Home Fitness Gamechangers for Runners : Core Strength and Cadence

Gamechangers for Runners : Core Strength and Cadence

by Gee Ess and Tanya

How to run faster, longer while remaining injury-free ?

…..and that Ladies and Gentlemen is the number one question (albeit in various forms) which bedevils the mind of a committed runner….and like Indiana Jones the quest for the answer takes them to many places – races, expos, training sessions, classes, books….Google is God, Youtube and endless gyan from experienced runners. So we at Wellthy.fit  put a gun to our heads and thought about what would be our New Year Tip to the committed runner to give a gamechanger answer to the eternal question. Bottom line upfront Mr/Ms Runner – focus on the two C’s : Core Strength and Cadence, to make dramatic gains. Somehow, these two check all the boxes : speed, stamina, running form, injury prevention… Max gains!

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What is the Runner’s core?  For a runner the core consists of the abdomen, back, pelvis and hips. The image from Apex Osteopathy is self-explanatory.

How will a strong core help a runner? The core muscles are the FOUNDATION…THE POWERHOUSE…THE DRIVE behind strong and injury-free running. A strong core translates into good running posture, more muscle power, balance and flexibility. The beautiful effortless running feeling as an integrated whole comes from a strong core. Direct impact – faster and injury free running. Indirect impact –  greater stamina and endurance. Side effect – washboard abs !

How to develop a strong runner’s core?  Google the magic words, ‘Core strength for runners’ and it will bombard you with about 14,60,000 results. Routines, exercises galore for the beginner, intermediate and elite runner.  Some pointers :-

  • Focus on core endurance and not core strength. Your core muscles must hold up for the entire run !
  • Train the core as an integrated whole and not as an isolated muscle. Our preference – free hand exercises, pilates, yoga and Kettlebells for you gym rats.
  • Brace yourself while training – act as if you are being punched while performing exercise to get best results.
  • When – a few exercises to engage your core during your warm-up, conscious effort to run from the core, core building as a part of your post-run stretches and one dedicated core strengthening session per week.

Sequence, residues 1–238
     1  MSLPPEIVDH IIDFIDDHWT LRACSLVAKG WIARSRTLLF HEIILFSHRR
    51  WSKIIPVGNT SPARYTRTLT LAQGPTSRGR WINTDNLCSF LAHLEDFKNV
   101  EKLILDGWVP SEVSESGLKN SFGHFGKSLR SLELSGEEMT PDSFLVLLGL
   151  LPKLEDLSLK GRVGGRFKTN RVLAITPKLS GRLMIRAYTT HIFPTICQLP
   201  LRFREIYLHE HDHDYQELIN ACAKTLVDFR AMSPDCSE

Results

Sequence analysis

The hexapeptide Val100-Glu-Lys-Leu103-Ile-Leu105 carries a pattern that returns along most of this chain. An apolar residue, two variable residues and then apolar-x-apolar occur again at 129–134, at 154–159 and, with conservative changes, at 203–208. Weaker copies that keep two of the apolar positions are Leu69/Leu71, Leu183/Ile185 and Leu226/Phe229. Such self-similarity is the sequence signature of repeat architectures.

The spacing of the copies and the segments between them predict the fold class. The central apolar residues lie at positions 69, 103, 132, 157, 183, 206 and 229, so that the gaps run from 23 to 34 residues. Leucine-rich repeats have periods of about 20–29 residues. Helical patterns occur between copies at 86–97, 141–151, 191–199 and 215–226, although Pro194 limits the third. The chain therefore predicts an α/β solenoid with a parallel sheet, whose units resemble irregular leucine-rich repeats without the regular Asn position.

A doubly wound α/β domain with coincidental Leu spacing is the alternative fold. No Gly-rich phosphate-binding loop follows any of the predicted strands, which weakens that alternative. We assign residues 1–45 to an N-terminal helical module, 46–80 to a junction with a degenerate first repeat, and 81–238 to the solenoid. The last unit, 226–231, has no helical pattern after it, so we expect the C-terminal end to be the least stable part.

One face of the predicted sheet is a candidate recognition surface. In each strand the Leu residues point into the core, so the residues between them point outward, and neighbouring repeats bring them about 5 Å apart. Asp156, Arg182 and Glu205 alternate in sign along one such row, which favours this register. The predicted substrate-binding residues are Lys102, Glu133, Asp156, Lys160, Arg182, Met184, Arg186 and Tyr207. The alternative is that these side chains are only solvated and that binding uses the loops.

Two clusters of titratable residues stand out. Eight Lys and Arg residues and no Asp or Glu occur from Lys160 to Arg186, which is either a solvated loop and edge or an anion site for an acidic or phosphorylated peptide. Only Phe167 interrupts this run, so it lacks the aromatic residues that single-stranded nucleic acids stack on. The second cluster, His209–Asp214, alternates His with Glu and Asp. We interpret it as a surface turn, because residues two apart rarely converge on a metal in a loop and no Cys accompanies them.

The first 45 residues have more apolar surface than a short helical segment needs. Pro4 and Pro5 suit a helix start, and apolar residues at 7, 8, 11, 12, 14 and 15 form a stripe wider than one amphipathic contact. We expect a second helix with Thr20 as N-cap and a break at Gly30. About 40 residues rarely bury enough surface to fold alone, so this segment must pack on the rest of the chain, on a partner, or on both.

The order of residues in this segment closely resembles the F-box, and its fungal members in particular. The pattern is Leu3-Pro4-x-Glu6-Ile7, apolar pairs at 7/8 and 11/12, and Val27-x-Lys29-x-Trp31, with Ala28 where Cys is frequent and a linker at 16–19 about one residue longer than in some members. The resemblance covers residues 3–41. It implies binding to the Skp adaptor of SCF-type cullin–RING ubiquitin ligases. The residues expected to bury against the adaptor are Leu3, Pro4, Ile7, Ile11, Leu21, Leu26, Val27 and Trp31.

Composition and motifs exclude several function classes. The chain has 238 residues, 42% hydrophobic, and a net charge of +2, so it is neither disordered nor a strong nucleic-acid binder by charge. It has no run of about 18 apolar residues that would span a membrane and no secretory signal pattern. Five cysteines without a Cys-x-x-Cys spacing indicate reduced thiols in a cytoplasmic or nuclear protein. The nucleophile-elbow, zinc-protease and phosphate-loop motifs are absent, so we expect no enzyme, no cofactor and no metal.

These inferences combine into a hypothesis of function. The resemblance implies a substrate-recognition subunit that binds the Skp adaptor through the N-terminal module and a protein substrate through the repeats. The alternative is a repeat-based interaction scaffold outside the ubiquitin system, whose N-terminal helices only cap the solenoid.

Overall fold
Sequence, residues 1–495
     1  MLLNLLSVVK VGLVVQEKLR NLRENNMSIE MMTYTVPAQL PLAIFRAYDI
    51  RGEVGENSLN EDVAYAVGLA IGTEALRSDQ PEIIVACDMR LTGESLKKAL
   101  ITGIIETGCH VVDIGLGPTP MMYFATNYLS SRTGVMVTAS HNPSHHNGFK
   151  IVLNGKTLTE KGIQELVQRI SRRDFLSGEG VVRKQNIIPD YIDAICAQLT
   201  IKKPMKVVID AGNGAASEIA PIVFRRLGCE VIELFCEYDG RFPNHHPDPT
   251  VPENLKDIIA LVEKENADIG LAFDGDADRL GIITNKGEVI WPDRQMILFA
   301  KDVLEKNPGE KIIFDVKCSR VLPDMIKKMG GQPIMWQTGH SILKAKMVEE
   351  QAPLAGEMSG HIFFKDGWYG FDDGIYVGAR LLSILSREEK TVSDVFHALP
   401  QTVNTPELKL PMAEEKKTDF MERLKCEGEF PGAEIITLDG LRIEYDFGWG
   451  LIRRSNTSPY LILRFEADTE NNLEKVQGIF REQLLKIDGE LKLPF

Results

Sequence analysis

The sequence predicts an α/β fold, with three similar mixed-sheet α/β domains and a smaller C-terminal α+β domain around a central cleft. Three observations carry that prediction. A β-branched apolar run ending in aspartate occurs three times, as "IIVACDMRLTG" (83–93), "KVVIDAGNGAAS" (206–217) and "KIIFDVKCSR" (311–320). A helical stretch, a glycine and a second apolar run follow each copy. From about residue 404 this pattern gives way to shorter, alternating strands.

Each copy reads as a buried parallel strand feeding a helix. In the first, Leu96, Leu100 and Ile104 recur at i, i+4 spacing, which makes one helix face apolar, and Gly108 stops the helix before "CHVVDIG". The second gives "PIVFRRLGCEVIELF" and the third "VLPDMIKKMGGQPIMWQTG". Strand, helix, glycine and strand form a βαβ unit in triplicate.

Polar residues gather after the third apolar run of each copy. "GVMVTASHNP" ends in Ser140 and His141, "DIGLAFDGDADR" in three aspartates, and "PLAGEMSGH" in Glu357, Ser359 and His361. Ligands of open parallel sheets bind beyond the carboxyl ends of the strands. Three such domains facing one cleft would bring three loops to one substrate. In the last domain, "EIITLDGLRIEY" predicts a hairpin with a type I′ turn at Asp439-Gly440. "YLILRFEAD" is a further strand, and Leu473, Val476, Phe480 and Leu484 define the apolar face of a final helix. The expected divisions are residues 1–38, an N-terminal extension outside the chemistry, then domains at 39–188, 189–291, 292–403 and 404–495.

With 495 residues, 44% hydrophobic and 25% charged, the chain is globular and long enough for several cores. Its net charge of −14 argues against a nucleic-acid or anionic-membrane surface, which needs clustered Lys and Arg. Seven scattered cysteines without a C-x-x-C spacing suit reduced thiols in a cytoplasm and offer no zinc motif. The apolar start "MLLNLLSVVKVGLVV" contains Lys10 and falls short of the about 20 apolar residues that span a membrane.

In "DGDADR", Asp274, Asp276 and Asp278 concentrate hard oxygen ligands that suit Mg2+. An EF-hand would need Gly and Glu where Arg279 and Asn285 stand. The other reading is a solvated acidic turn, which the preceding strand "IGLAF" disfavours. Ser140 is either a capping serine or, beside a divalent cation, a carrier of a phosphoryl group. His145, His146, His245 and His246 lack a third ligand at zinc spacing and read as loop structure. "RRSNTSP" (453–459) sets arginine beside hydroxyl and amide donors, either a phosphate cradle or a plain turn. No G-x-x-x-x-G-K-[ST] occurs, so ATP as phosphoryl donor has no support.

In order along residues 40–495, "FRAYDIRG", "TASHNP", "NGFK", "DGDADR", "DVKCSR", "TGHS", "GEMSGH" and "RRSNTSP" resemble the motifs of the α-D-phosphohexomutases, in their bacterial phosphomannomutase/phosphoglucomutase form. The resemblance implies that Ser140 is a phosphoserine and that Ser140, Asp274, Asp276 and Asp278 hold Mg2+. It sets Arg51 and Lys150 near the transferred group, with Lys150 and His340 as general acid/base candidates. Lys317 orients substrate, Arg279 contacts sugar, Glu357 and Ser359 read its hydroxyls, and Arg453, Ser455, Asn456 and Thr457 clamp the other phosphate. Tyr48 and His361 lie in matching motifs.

• Try planks and glute bridges for 21 days – the results will surprise you.

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What is cadence? Simply put, it is the number of steps per minute (spm). Elite runners typically have a cadence in-excess of 180 spm (Haile Gebrselaisse – 197, Meb Keflezighi – 203, Desiree Davilee – 194). Most beginner and recreational runners have an average cadence of 160 to 170. Use a runner’s watch or heart rate monitor to measure it or simply use a timer and count your spm.

What is the ideal cadence? The oft quoted Coach Jack Daniels book, ‘Running Formula’ puts it at 180 spm. While this magic number is being hotly debated on the internet, the fact remains that a 5% -10% increase in your cadence brings significant improvement in timings and injury prevention. It is the ideal mix of high cadence and stride length which will bring best results. That said, higher cadence is preferred over longer stride length due to reasons of endurance and injury prevention.How will an increased cadence impact my running?

  • Injury Prevention – shorter strides leading to less impact forces and loading on joints.
  • Improved Running Form – shift from heel strike to mid-foot strike.
  • Easier to build up speed. Better running efficiency and lesser fatigue.

How to increase running cadence ? Google is your friend. Say hello and find your answers. Some tips :-

  • Focus on smaller steps rather than running faster. Initially this will feel strange, but it will become natural with time (4-6 weeks). Intervals and downhill sprints are good for starters.
  • Use a runners watch or smartphone based metronome to monitor the cadence while running.
  • Use the correct arm-position. If your arms are too low it will be quite difficult to keep your cadence high.
  • Lighter shoes – faster cadence.
  • Build up your hip mobility and flexibility to permit high leg turn over. Look up for some great tips https://wellthyfit.com/hip-flexors-strengthening-yoga-runners/